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Estate agents face prosecution over misleading information

Posted: 12th November 2012   In: Dispute Resolution, Residential Conveyancing

Three estate agents face prosecution for printing misleading information about the size of a garden in a property they were selling - even though they included various disclaimers.

In the brochure they described the house as a “charming period, detached family house...set within superb gardens of approximately three-quarters of an acre”.

The gardens were actually only 0.4 acres. The estate agents had relied on the vendors of the property for details of the house rather than taking their own measurements.

Their description in the brochure included the terms ‘approximately’ and ‘(sts)’. The ‘sts’ stood for the standard industry term ‘subject to survey’ although this wasn’t defined in the brochure.

There was also a disclaimer at the bottom of the page which said: "these particulars are believed to be correct, however their accuracy cannot be guaranteed and they do not form part of any contract."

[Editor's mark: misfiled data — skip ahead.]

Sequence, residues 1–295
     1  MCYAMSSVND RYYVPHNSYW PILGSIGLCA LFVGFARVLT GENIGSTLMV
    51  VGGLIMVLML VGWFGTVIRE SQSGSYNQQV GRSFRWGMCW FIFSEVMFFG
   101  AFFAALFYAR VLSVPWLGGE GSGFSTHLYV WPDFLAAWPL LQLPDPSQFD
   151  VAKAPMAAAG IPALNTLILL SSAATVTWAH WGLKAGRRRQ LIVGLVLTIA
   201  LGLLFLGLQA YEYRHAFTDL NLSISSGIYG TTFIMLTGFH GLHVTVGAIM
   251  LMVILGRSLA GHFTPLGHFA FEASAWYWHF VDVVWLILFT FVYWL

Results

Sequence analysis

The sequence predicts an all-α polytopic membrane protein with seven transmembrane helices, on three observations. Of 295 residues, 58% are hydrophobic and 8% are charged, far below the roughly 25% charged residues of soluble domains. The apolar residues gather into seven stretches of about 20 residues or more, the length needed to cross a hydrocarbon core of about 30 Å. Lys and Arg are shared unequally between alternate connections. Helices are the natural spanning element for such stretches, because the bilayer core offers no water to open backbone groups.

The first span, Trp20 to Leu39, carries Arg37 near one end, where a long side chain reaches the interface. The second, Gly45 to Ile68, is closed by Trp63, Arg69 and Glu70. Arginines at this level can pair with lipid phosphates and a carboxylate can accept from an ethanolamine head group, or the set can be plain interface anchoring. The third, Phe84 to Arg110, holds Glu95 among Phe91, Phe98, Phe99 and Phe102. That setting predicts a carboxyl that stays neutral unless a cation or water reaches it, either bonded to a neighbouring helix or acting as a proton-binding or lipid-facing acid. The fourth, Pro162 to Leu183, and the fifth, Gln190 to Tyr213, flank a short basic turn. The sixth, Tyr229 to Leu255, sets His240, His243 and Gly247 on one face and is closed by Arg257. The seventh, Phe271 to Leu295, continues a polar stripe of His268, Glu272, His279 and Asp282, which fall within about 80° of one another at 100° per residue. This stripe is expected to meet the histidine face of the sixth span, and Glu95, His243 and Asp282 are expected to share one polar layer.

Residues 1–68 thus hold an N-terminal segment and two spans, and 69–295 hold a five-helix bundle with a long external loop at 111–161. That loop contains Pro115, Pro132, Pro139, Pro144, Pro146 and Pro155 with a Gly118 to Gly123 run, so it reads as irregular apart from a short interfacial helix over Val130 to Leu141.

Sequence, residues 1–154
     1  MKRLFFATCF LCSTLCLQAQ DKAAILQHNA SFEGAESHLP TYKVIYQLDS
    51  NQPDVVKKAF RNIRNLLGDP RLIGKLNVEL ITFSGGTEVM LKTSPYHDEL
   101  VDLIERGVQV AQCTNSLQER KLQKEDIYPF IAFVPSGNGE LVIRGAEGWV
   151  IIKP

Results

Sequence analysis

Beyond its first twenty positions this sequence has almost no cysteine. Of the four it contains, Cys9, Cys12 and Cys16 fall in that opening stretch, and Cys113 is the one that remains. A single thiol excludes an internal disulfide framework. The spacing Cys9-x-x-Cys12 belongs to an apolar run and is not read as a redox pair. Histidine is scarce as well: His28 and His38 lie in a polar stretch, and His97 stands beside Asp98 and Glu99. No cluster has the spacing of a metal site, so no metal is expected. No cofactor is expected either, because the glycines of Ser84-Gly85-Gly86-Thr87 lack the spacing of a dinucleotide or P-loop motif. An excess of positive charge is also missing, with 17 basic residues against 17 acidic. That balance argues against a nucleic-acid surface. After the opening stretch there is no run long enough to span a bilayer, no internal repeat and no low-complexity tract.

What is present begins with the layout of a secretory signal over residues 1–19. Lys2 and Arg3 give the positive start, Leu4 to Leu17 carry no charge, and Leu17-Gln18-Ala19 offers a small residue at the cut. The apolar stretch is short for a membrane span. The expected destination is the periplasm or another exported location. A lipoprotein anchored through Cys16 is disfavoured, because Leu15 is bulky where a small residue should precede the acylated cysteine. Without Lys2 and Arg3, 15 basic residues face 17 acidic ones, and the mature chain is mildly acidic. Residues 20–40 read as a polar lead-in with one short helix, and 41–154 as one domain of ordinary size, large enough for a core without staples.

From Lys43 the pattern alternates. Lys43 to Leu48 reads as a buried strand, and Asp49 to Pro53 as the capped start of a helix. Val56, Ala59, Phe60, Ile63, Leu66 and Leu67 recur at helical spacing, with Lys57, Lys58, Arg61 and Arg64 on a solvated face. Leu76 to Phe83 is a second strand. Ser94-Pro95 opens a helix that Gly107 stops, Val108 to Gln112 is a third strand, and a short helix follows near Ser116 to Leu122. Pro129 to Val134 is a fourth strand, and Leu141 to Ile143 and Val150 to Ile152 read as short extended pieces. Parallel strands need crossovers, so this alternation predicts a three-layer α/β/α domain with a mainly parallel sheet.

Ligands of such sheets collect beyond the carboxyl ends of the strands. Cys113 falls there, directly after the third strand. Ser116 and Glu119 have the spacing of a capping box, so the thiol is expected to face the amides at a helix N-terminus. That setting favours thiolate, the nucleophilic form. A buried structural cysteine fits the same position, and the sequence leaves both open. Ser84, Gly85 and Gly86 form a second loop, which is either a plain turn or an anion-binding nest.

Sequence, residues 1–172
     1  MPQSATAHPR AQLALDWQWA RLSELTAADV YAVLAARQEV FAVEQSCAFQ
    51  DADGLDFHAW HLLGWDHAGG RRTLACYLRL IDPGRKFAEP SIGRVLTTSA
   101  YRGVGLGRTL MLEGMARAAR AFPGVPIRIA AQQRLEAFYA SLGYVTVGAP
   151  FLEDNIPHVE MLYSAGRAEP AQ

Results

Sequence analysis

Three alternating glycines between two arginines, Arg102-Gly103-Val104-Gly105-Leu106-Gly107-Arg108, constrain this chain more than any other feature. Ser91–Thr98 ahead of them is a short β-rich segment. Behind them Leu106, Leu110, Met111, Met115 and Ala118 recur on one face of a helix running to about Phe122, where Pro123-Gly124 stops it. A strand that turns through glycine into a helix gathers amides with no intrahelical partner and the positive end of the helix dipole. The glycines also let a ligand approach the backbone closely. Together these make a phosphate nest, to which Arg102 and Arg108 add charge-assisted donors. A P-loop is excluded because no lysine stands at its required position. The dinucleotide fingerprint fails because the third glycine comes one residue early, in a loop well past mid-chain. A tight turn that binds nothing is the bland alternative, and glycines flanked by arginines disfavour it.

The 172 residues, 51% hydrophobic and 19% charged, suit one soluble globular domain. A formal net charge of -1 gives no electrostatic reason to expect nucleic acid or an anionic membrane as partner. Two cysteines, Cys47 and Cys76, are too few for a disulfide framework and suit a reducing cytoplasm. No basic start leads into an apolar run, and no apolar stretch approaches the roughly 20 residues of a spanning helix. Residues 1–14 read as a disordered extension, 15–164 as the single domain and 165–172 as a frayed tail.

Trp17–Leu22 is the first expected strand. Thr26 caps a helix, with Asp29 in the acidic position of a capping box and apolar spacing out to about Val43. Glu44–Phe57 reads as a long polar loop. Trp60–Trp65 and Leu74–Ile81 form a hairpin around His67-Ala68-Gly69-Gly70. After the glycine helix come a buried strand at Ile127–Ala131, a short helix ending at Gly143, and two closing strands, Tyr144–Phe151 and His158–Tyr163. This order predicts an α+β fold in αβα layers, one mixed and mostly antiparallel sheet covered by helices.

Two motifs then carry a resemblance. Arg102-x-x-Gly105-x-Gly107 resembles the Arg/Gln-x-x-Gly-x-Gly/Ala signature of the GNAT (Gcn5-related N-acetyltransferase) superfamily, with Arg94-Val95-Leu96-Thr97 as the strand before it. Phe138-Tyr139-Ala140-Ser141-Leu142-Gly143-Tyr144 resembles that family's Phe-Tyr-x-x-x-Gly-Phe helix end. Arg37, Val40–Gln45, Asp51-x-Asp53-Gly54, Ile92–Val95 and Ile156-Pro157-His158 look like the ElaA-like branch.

The district judge found that while the description was misleading, the use of the terms ‘approximately’ and ‘(sts)’ along with the disclaimer were sufficient to act as a valid disclaimer.

However, the decision was overturned in the High Court, which ruled that it is was not reasonable to state that 0.4 acres was ‘approximately’ 0.75 acres.

It said that the estate agent had made a positive statement about the size of the property and the terms they used as disclaimers weren’t strong enough to contradict or neutralise that statement.

The three estate agents now face trial in a prosecution brought by the Trading Standards Service.

Please contact Eugene Pritchard if you would like more information on issues raised in this article.